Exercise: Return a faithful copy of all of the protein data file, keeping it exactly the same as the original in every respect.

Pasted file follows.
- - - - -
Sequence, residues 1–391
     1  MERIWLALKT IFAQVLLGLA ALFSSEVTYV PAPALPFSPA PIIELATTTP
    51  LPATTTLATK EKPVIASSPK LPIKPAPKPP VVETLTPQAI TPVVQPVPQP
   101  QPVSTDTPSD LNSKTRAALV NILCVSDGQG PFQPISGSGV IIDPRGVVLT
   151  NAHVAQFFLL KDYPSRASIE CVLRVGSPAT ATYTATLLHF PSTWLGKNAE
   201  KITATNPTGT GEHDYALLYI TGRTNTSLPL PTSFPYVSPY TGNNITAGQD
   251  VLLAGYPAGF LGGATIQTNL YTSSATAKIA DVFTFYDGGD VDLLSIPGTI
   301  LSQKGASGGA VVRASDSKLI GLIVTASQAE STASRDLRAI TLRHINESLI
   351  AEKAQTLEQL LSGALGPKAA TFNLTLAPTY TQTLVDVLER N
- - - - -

Sequence, residues 1–391
     1  MERIWLALKT IFAQVLLGLA ALFSSEVTYV PAPALPFSPA PIIELATTTP
    51  LPATTTLATK EKPVIASSPK LPIKPAPKPP VVETLTPQAI TPVVQPVPQP
   101  QPVSTDTPSD LNSKTRAALV NILCVSDGQG PFQPISGSGV IIDPRGVVLT
   151  NAHVAQFFLL KDYPSRASIE CVLRVGSPAT ATYTATLLHF PSTWLGKNAE
   201  KITATNPTGT GEHDYALLYI TGRTNTSLPL PTSFPYVSPY TGNNITAGQD
   251  VLLAGYPAGF LGGATIQTNL YTSSATAKIA DVFTFYDGGD VDLLSIPGTI
   301  LSQKGASGGA VVRASDSKLI GLIVTASQAE STASRDLRAI TLRHINESLI
   351  AEKAQTLEQL LSGALGPKAA TFNLTLAPTY TQTLVDVLER N